| Lloyd deMause|
| September 19, 1931 (age 84) (1931-09-19) |
The history of childhood, Foundations of psychohistory, Reagan's America, The Emotional Life of Nations
Lloyd deMause Wikipedia
Lloyd deMause, pronounced de-Moss (born September 19, 1931) is an American social thinker known for his work in the field of psychohistory. He did graduate work in political science at Columbia University and later trained as a lay psychoanalyst, which is defined as a psychoanalyst who does not have a medical degree. He is the founder of The Journal of Psychohistory.
DeMause has made major contributions to the study of Psychohistory which is the study of the psychological motivations of historical events. It seeks to understand the emotional origin of the social and political behavior of groups and nations, past and present. Its subject matter is childhood and the family (especially child abuse), and psychological studies of anthropology and ethnology.
In a 1994 interview with deMause in The New Yorker, interviewer Stephen Schiff wrote: "To buy into psychohistory, you have to subscribe to some fairly woolly assumptions [...], for instance, that a nation's child-rearing techniques affect its foreign policy, yet deMause's analyses have often been weirdly prescient."
Psychohistorians endorse trauma models of schizoid, narcissistic, masochistic, borderline, depressive and neurotic personalities.
The chart below shows the dates at which gradual forms of child abuse are believed by psychohistorians to have evolved in the most advanced nations, based on accounts from historical records. The timeline doesn't apply to hunter-gatherer societies. It doesn't apply either to the Greek and Roman world, or the ancient Chinese world where there was a wide variation in childrearing practices. The major childrearing types described by Lloyd deMause are:
With the exception of the "helping mode of childrearing" (marked in yellow above), for psychohistorians the major childrearing types are related to main psychiatric disorders, as can be seen in the following Table of Historical Personalities:
According to psychohistory theory, each of the above psychoclasses co-exist in the modern world today.
DeMause has published over 90 scholarly articles and several books.DeMause, Lloyd (1974). The history of childhood. New York: Harper and Row. ISBN 0061318485.
DeMause, Lloyd (1975). A bibliography of psychohistory. New York: Garland Pub. ISBN 0-8240-9999-0.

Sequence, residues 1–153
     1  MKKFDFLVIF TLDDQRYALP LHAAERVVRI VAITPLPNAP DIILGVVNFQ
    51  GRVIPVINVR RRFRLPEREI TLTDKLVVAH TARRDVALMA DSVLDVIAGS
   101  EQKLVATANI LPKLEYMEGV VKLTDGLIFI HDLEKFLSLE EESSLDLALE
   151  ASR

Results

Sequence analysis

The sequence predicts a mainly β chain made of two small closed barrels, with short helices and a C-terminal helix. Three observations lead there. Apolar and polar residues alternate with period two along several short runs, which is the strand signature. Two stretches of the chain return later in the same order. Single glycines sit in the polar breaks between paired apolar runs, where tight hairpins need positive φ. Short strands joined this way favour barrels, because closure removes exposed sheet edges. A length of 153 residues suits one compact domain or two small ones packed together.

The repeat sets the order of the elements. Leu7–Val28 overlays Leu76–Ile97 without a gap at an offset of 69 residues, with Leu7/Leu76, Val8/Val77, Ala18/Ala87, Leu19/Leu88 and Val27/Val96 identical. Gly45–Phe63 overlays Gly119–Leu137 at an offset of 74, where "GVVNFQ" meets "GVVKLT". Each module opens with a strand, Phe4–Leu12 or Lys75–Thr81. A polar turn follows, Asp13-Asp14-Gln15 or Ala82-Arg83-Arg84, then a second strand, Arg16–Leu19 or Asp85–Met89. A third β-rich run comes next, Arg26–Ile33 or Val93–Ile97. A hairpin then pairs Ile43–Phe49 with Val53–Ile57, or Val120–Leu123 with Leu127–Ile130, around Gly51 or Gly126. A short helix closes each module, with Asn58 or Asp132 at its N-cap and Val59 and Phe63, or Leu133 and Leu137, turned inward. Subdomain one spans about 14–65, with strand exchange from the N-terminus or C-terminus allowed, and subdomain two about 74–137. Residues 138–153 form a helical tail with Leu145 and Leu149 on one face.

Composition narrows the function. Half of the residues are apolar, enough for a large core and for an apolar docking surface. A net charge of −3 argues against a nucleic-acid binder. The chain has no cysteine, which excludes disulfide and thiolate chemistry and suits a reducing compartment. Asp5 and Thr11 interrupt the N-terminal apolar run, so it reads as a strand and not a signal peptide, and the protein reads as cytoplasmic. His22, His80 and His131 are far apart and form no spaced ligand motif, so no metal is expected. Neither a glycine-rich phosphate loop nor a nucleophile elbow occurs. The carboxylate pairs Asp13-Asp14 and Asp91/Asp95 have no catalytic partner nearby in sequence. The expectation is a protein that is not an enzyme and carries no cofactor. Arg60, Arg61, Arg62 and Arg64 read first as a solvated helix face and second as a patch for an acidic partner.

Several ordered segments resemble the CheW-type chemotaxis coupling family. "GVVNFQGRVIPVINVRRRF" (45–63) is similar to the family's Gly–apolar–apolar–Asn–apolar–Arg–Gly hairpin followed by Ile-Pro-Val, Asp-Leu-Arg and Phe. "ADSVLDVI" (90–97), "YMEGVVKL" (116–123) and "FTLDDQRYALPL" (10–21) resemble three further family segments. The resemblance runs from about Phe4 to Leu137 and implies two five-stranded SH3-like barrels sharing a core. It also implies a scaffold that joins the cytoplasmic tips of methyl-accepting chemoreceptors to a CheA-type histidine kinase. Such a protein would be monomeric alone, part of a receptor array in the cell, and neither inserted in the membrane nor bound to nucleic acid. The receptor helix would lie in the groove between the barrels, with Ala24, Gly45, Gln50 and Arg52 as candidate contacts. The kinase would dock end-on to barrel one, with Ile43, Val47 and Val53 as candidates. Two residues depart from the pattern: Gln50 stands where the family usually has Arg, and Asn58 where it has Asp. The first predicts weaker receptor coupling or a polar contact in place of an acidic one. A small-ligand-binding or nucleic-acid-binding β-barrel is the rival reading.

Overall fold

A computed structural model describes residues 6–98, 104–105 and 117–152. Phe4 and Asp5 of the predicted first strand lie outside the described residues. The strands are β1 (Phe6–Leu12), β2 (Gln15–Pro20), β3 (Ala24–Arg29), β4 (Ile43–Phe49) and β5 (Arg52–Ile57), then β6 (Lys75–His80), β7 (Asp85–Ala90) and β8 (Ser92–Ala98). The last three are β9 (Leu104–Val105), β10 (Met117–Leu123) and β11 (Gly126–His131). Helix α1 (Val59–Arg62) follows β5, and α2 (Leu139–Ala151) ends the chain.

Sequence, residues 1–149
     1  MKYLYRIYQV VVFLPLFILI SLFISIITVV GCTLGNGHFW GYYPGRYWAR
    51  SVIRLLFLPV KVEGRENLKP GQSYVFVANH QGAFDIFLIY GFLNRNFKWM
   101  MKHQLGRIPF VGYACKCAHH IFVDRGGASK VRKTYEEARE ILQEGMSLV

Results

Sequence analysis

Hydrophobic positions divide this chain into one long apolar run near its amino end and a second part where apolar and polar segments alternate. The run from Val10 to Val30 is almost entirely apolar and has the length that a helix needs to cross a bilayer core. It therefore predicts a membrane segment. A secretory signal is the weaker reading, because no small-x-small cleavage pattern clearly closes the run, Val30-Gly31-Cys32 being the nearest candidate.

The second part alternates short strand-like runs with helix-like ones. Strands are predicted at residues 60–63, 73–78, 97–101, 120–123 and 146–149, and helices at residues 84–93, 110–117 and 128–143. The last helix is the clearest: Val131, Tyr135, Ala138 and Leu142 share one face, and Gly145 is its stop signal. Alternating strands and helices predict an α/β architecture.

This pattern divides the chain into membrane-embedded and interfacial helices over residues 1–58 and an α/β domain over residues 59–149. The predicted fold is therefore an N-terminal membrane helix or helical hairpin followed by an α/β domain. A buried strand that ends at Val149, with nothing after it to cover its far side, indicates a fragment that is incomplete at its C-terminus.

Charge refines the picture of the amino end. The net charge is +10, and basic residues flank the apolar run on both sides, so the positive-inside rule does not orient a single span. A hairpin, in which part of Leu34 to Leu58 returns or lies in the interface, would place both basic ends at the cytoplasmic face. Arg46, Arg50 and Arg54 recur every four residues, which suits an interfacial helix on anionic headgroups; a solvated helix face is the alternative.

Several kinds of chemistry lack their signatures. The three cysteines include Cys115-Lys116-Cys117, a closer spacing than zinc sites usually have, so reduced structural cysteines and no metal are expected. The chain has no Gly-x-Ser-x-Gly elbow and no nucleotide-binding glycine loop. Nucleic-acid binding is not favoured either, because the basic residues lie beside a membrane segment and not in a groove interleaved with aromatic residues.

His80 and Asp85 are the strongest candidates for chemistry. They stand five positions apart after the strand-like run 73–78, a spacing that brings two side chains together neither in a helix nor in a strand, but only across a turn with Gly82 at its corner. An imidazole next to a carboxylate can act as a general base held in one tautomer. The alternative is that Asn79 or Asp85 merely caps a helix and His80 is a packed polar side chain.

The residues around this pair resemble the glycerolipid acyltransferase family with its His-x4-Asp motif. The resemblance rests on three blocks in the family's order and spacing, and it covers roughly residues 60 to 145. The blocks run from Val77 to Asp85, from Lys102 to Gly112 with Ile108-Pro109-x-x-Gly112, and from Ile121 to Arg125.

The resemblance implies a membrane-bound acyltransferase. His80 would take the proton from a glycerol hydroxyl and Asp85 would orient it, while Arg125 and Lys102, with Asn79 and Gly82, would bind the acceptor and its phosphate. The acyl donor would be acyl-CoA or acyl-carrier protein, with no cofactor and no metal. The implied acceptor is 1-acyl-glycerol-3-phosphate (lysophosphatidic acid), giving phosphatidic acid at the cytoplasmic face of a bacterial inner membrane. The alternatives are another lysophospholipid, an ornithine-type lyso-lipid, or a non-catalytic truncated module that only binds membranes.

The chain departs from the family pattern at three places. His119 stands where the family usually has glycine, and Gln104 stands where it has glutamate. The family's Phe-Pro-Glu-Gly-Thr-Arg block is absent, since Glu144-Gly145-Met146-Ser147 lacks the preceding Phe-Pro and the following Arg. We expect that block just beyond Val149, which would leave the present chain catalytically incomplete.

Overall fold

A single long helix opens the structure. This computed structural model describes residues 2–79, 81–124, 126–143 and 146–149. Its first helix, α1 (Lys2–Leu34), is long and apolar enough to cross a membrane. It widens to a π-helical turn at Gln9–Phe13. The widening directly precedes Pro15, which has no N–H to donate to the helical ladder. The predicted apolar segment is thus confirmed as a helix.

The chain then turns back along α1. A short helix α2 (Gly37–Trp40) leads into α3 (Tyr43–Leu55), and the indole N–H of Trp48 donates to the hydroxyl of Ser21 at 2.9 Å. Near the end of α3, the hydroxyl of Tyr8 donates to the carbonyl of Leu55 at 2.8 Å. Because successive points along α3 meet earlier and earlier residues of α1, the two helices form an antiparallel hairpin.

DeMause, Lloyd (1975). The New psychohistory. New York: Psychohistory Press. ISBN 0-914434-01-2.
Ebel, Henry; DeMause, Lloyd (1977). Jimmy Carter and American fantasy: psychohistorical explorations. New York: Two Continents. ISBN 0-8467-0363-7.
DeMause, Lloyd (1982). Foundations of psychohistory. New York: Creative Roots. ISBN 0-940508-01-X.
DeMause, Lloyd (1984). Reagan's America. New York: Creative Roots. ISBN 0-940508-02-8.
DeMause, Lloyd (1995). The History of Childhood. Northvale, New Jersey: Jason Aronson. ISBN 1-56821-551-7.
DeMause, Lloyd (2002). The Emotional Life of Nations. New York: Karnac. ISBN 1-892746-98-0.
DeMause, Lloyd (2010). The Origins of War in Child Abuse. The Institute for Psychohistory.
DeMause, Lloyd (1974): The Evolution of Childhood. In: History of Childhood Quarterly: The Journal of Psychohistory, 1 (4), p. 503-575. (Comments and reply: p. 576-606)
DeMause, Lloyd (1987): The History of Childhood in Japan. In: The Journal of Psychohistory, 15 (2), p. 147-151.
DeMause, Lloyd (1988): On Writing Childhood History. In: The Journal of Psychohistory, 16 (2), p. 35-71.
DeMause, Lloyd (1989): The Role of Adaptation and Selection in Psychohistorical Evolution. In: The Journal of Psychohistory, 16 (4), p. 355-372 (Comments and reply: p. S. 372-404).
DeMause, Lloyd (1990): The History of Child Assault. In: The Journal of Psychohistory, 18 (1), p. 1-29.
DeMause, Lloyd (1991): The Universality of Incest. In: The Journal of Psychohistory, 19 (1), p. 123-164.
DeMause, Lloyd (1997): The Psychogenic Theory of History. In: The Journal of Psychohistory, 25 (1), p. 112-183.